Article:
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Networked communities: an answer to urban alienation?

By Marcus Foth - posted Monday, 12 December 2005

Widespread use of mobile and ubiquitous information and communications technology by urban dwellers remains in stark contrast to endemic forms of urban alienation - and the disappearance or non-existence of urban neighbourhood community identity.

In today’s networked society, e-mail, instant messaging, online chats and other applications are instrumental in establishing and maintaining social ties, so creating what Manuel Castells calls a private “portfolio of sociability”.

Neighbours may still be part of a resident’s social portfolio, but the communication devices used to maintain social ties are inherently place-independent and ephemeral. Getting to know someone in their role as a neighbour is less likely than getting to know them in their role as a co-worker or being the friend of a friend.


Sociologists such as Barry Wellman describe how people construct their social networks with the help of new media tools.

Wellman argues that while people become more accustomed with the features these tools offer, the nature of the social ties people establish and maintain is changing. What used to be door-to-door and place-to-place relationships are now person-to-person and role-to-role relationships. Wellman terms the emerging qualities of this behaviour “networked individualism”.

Paul DiMaggio and others (pdf file 240KB) review previous studies that tried to make sense of new media usage. Some of them rely on simple binary oppositions such as individual v community, physical place v cyberspace or online v offline.

Departing from this approach requires a holistic theoretical framework that builds on the dual nature of the community and the individual inherent in networked individualism.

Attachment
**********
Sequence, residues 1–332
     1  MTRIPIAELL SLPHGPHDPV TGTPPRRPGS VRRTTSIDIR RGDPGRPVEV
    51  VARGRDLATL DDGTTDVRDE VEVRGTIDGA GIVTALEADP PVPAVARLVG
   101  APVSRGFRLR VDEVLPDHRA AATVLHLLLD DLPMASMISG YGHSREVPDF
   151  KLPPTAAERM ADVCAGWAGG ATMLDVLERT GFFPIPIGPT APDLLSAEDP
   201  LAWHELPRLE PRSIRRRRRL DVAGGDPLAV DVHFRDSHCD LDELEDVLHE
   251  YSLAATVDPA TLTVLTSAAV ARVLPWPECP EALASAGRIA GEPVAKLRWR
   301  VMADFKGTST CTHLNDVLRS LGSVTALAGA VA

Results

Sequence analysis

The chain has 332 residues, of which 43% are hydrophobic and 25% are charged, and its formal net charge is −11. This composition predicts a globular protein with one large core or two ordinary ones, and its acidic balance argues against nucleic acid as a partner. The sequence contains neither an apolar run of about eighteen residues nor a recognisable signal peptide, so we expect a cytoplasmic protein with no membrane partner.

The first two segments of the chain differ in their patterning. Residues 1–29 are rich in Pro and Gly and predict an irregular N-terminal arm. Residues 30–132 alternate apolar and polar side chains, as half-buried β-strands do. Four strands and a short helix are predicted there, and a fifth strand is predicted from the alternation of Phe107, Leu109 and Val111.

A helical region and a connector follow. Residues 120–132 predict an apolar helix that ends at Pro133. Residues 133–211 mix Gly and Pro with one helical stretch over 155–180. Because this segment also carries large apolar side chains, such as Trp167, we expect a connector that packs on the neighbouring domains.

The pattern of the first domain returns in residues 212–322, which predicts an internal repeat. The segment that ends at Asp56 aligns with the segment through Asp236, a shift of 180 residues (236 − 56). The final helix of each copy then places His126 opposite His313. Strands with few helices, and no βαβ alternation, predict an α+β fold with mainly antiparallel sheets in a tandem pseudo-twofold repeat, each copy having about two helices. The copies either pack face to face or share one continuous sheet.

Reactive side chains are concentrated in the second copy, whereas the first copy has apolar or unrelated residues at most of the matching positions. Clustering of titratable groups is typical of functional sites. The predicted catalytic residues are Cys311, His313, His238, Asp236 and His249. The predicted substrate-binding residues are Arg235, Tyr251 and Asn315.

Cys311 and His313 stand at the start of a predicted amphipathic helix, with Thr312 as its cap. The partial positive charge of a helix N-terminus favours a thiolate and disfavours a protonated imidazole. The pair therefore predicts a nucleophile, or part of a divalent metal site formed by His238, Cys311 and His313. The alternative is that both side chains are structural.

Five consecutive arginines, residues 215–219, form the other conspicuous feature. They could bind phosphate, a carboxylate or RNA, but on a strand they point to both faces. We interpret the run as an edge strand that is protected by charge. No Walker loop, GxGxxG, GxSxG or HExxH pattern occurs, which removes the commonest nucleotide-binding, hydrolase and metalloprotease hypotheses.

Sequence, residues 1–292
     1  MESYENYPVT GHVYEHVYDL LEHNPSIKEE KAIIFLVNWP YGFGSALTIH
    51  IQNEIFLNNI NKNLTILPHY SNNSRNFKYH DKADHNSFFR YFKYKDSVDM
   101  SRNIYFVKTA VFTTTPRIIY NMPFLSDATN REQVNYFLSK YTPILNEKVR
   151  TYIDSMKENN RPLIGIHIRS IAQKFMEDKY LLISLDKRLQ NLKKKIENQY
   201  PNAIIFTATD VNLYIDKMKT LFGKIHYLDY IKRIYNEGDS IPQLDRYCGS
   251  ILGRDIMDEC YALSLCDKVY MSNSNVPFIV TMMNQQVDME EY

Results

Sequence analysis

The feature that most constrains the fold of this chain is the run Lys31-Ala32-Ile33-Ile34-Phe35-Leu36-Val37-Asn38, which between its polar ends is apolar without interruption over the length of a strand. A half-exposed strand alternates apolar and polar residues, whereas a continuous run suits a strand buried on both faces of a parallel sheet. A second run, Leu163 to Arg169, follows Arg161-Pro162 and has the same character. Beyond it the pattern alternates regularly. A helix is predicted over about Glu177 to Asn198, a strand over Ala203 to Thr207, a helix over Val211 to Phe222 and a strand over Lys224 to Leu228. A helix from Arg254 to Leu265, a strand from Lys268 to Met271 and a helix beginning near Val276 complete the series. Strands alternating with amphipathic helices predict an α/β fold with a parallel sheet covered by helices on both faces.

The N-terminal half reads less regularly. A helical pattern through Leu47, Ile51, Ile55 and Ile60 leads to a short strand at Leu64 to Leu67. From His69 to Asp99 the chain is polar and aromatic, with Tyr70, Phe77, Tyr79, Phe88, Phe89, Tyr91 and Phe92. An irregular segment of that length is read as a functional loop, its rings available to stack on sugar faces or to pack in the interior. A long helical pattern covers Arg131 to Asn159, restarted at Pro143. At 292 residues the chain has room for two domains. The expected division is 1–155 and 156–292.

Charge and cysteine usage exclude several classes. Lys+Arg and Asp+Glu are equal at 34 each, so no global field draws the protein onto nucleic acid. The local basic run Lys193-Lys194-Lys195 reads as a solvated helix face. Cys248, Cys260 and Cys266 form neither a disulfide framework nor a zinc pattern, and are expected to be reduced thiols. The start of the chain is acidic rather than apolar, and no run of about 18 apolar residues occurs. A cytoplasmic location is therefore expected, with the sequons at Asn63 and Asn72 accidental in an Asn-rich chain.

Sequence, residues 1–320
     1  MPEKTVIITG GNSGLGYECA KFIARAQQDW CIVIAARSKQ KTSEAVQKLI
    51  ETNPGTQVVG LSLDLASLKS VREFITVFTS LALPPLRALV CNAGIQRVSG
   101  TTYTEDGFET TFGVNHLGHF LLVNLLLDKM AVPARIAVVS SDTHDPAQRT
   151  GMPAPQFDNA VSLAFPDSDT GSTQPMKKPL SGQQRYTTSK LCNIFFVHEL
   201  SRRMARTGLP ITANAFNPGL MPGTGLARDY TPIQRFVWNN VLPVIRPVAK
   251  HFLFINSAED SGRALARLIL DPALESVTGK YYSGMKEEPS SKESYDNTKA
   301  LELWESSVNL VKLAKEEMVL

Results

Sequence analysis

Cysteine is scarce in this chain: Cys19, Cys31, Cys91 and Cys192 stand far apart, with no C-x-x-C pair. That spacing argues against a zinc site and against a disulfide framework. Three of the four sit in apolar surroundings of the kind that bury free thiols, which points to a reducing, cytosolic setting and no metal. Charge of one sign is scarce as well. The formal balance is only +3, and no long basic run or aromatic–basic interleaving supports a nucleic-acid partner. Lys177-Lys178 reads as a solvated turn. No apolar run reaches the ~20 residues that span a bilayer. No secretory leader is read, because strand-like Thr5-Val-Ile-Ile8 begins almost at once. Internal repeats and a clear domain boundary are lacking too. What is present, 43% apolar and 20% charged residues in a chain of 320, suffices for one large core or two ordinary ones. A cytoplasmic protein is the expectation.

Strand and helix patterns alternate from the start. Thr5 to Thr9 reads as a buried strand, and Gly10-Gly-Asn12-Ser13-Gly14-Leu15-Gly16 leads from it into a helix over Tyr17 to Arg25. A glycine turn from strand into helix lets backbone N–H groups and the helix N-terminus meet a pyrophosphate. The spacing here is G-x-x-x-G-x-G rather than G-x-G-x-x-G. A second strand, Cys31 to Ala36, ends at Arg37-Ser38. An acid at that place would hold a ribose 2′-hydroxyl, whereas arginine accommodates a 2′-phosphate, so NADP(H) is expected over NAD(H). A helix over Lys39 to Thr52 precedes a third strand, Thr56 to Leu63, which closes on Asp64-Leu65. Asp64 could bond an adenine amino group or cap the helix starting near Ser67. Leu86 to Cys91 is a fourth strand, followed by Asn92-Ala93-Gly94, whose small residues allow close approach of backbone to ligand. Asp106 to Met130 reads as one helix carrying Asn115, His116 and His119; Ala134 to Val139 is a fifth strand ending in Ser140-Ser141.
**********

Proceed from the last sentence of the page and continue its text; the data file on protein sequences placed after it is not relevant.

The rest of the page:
For example, Richard Florida argues that place-based units such as home, work and school remain at the core of our understanding of everyday life, even as the Internet grows exponentially. He also says “the economy itself increasingly takes form around real concentrations of people in real places”.

According to Castells, human interaction thus takes place seamlessly in the virtual and physical “space of flows” that modern transportation and modern communication afford.


Place and proximity continue to matter in every socio-economic aspect. This is evident, Wellman argues, by rising car and air travel sales, by people commuting to work instead of working from home, and by the formation of economic clusters, precincts and hot spots where industries based along the same value chain co-locate to take advantage of synergy effects.

However, researchers have yet to find an empirically proven rationale that clarifies the conditions under which these synergy effects apply in heterogeneous new residential urban developments.

Ethan Watters describes “urban tribes” - social clusters of under 35-year-old urban dwellers. They represent a social network - a swarming group of friends who live in the same city and are connected through a meshwork of strong and weak ties, and who supplement face-to-face interaction with new media and ICT applications.

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Article edited by Allan Sharp.
If you'd like to be a volunteer editor too, click here.

A full copy of this article with references can be found at here. (pdf file 274KB) For more information on this research go here.

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About the Author

Marcus Foth is a Research Fellow at the Institute for Creative Industries and Innovation, Queensland University of Technology, Brisbane, Australia. Marcus Foth's online resume and research portfolio.

Creative Commons LicenseThis work is licensed under a Creative Commons License.

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